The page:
LUKE: Yes. Long ago, we agreed that partner buyouts would be calculated by multiplying 2.5 times the retiree’s average compensation in the five years prior to retirement, times a 20-year vesting percentage, times a factor for client retention. The partners also received their ownership percentage times the capital of the firm. We used exactly the same approach to calculate the buyouts of each of our retired partners. It has long been my intent to amend our partner agreement to include this formula for partner buyout. But, as I said earlier, we were too busy to do this.
FORCE’S ATTORNEY: And the firm paid these buyouts, repeatedly, without a written partner agreement?
LUKE: That is correct.
FORCE’S ATTORNEY: Can you explain to the court how you arrived at your offer to Darth of $415,000?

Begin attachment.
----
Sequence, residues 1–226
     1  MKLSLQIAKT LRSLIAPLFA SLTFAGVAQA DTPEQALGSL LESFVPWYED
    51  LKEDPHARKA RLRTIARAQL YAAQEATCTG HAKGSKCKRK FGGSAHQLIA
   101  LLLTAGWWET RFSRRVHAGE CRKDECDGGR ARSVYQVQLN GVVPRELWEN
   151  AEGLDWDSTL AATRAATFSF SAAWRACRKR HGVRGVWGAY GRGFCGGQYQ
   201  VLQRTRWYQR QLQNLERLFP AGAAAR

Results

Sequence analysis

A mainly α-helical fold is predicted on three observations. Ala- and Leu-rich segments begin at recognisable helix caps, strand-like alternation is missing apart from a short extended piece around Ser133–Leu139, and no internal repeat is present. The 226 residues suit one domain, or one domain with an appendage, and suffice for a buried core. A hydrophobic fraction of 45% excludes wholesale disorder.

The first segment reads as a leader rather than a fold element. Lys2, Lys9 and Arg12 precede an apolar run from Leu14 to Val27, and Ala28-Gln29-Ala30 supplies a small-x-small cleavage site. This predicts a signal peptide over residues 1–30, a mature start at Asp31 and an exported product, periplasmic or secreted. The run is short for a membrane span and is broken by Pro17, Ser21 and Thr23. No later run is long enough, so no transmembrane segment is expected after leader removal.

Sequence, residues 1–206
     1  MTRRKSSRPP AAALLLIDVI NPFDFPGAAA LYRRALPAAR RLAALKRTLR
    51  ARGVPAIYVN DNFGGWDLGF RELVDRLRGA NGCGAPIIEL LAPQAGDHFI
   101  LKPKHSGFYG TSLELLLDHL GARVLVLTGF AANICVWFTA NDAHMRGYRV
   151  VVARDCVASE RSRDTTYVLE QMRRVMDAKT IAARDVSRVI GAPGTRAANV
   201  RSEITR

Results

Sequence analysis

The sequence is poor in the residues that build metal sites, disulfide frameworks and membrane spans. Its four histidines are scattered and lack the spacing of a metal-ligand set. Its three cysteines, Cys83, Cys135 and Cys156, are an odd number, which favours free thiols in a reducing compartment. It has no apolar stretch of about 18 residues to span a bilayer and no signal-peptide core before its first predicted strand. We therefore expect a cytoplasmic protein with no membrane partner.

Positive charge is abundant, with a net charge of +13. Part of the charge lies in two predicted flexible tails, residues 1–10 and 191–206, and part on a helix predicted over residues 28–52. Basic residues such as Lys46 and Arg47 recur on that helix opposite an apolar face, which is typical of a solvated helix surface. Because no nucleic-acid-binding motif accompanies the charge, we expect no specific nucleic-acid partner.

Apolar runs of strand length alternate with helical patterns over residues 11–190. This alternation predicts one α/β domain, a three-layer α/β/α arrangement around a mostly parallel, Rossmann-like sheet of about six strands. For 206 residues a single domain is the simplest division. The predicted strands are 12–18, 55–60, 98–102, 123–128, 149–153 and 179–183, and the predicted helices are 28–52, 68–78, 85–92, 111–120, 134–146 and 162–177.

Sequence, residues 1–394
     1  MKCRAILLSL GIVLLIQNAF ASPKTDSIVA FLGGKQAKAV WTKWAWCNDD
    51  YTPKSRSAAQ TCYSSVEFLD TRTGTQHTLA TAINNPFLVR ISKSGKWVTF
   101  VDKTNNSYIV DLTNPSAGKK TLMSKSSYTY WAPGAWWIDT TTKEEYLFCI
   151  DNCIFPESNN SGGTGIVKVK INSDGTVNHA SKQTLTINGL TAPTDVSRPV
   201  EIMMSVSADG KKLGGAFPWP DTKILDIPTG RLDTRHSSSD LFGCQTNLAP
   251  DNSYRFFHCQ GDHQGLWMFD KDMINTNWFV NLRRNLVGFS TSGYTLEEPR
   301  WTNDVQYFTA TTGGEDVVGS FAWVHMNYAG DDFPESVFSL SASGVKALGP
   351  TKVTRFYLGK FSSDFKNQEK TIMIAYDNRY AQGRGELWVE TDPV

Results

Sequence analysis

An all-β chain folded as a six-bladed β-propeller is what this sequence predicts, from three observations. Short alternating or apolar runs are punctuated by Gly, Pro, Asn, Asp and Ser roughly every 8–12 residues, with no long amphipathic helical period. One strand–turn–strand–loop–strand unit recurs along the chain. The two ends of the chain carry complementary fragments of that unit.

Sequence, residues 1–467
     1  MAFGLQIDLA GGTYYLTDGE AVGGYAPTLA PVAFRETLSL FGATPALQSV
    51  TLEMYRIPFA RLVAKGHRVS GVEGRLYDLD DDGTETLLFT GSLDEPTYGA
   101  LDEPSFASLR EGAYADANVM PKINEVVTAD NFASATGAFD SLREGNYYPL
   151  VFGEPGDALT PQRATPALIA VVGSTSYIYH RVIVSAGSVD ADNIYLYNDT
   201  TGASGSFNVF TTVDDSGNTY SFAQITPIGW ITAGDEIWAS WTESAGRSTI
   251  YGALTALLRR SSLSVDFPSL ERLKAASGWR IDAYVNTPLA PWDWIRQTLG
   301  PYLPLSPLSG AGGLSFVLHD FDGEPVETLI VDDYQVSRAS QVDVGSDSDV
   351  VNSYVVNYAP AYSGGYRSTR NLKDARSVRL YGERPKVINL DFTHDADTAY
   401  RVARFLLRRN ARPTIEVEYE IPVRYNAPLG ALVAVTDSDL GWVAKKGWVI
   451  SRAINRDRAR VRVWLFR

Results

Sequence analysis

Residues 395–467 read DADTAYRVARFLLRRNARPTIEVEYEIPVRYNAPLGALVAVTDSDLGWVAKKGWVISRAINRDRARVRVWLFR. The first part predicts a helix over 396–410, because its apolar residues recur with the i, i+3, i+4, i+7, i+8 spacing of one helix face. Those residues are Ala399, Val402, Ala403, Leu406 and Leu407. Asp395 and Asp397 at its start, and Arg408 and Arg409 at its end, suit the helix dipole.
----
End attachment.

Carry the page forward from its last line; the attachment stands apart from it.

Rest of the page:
LUKE: (Shows a poster to the judge) Very simple. We computed Darth’s buyout the exact same way we did with all past retirees, and it’s the way we will continue to do it. We started with Darth’s compensation of $250,000. Using a multiple of 2.5, the subtotal came to $625,000. We then applied a vesting percentage, which in Darth’s case was 40%—eight years as a partner out of 20. This reduced the subtotal to $250,000. We made a final reduction due to the substantial 30% client loss we have incurred since Darth left the firm. The result is $175,000. But that’s only the goodwill. We added in a factor for capital. Darth’s 20% share of the firm’s $1.2M of capital is $240,000. When we add the goodwill and the capital, the final total is $415,000. That’s what we have offered Darth.